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Mulch driveway?

 
Seth Veith
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I've got 40 acres grown up in hedge and cedar among many other native KS trees I plan to trim some trees up to 7'and completely remove some. I also need to put a driveway in basically all the way across the property which is a big chunk of money for me. Seems a waste to burn all this wood that I could mulch. So my idea is to use it for a driveway. Anyone ever done this? There are obvious pros and cons but I think I could stand a little more maintenance than I would have with gravel and I think it would look better. Tho one thing I do like is the cedar and Osage orange won't rot easily on the other hand with a lot of water it will float away.
 
Tyler Ludens
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Location: Central Texas USA Latitude 30 Zone 8
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If you have 40 acres there's no need to burn any of the material. You can just make low piles of it or even windrows on contour to stop erosion. There's rarely a need to burn branches. I don't know why people insist on doing it, there's nothing good about it.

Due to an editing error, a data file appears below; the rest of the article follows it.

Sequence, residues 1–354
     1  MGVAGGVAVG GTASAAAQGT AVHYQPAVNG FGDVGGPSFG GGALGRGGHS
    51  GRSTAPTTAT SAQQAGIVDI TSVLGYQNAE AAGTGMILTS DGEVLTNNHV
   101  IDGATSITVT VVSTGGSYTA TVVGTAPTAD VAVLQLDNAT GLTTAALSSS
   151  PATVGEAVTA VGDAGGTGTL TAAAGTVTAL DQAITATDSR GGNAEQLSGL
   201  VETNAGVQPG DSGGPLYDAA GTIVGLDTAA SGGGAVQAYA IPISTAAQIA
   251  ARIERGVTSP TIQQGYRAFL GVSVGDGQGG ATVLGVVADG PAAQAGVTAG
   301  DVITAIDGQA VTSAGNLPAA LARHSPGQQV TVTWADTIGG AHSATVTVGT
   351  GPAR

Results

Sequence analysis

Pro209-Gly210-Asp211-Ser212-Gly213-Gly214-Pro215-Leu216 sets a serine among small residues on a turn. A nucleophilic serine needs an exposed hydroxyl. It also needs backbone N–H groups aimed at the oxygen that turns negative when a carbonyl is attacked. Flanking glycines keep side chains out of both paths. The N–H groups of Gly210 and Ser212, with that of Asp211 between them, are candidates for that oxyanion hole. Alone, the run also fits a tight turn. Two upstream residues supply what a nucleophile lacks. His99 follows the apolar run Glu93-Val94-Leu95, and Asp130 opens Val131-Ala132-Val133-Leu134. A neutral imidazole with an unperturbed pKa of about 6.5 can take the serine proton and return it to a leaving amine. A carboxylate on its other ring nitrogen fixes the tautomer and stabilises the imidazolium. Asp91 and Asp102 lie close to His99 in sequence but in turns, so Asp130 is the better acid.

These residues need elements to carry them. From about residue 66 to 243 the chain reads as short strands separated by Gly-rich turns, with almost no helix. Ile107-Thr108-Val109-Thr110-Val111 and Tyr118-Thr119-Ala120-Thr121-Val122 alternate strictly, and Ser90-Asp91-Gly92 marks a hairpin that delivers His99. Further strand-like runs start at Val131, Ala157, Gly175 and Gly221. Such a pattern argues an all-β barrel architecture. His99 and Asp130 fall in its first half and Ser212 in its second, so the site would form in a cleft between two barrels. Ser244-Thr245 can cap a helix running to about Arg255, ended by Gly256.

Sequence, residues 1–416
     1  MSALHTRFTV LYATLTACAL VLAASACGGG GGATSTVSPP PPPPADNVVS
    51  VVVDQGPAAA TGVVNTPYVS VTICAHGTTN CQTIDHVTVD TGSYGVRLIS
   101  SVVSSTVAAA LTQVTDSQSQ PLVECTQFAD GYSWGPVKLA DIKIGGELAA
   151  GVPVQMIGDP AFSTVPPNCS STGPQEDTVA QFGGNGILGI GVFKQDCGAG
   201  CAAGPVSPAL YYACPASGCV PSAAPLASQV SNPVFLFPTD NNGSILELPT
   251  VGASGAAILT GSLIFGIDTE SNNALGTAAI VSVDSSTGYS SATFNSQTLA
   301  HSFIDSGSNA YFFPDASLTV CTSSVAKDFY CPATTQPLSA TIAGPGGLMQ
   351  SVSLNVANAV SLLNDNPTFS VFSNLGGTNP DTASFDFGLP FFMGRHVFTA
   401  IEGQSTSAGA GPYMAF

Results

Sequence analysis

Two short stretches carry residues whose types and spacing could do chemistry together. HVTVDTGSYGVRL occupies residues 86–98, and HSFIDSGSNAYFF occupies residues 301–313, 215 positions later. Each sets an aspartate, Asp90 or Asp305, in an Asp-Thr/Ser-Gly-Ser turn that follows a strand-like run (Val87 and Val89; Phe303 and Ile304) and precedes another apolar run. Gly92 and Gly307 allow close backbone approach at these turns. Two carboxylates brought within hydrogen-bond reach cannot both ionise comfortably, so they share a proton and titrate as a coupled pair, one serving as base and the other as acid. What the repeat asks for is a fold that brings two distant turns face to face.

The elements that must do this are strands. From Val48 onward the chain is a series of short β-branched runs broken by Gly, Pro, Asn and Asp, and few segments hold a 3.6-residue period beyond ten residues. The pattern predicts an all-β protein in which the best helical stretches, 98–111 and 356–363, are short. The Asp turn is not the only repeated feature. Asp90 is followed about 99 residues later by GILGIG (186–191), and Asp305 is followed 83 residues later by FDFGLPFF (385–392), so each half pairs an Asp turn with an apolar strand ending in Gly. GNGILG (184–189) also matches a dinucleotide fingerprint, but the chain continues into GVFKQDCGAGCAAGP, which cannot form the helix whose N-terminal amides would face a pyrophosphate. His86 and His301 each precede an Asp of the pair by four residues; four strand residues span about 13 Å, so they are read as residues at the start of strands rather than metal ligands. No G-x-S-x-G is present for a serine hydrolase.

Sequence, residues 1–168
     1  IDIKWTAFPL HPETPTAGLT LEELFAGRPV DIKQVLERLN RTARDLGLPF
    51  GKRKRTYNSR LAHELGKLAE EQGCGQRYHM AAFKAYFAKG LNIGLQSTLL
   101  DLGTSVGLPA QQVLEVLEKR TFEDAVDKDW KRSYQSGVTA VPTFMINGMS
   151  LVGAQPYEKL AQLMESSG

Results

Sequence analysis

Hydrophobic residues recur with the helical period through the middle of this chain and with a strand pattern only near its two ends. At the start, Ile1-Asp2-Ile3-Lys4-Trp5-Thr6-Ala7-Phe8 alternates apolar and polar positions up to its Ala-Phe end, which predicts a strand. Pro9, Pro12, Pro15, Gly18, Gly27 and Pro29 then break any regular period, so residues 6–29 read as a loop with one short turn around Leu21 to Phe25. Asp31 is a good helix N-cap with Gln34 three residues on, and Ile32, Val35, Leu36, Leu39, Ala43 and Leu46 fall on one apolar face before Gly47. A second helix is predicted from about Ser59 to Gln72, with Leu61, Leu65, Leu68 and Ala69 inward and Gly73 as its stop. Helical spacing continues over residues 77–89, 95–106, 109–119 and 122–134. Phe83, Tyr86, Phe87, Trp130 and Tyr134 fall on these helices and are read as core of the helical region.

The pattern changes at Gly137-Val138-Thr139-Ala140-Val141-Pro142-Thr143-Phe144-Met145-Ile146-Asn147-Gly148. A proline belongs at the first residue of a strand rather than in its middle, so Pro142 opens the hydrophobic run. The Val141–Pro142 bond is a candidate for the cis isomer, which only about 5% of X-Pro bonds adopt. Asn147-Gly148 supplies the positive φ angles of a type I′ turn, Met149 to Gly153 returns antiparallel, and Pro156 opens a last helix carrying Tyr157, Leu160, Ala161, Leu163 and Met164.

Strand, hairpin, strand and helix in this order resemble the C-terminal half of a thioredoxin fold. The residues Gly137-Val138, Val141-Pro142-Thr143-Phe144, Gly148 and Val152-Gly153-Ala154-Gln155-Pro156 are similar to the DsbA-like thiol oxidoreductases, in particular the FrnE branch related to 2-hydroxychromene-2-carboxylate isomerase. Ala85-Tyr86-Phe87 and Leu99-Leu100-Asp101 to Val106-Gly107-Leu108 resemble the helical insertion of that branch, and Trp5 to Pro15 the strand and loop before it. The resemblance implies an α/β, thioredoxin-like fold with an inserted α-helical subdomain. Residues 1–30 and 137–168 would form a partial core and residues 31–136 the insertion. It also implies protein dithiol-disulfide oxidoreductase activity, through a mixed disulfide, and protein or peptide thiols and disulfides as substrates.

If you can afford to make chips from the material, it can make a nice driveway, but a driveway takes literally tons of it. You might want to use road base/gravel for the parts of the drive you plan to use most, and put chips on the other parts.

 
Marco Banks
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Location: Los Angeles, CA
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Try it and see. The big stuff can be piled on the side of the road, while the leafy/branchy stuff would go on the road itself. As it dries out and as you drive over it, it will breakdown.

One thing you'll find is that as you pile up the mulch, the soil will become more permeable beneath, which will greatly increase water infiltration. So while you worry about heavy rains carrying that material away, what you may find is that instead, you'll get much better infiltration and less run-off.

I create brush piles below my fruit trees on the hillside. I throw the large branches down first and create a kind of organic terrace. Particularly on south-facing hillsides, it keeps the sun from baking the soil on the downhill side of the tree. The soil temperature stays much much cooler, the soil retains moisture better, it creates a fantastic habitat for lizards, snakes, fungi, microbes and other living things, and eventually, that organic material breaks-down and feeds the soil. Take your time and lay the branches down, building a kind of "beaver dam" of branches on contour below the trees.

I agree with Tyler: never burn anything organic. Even slow to rot stuff like osage orange, use it somewhere. I can never get enough biomass and I've only got a fraction of the land you have.
 
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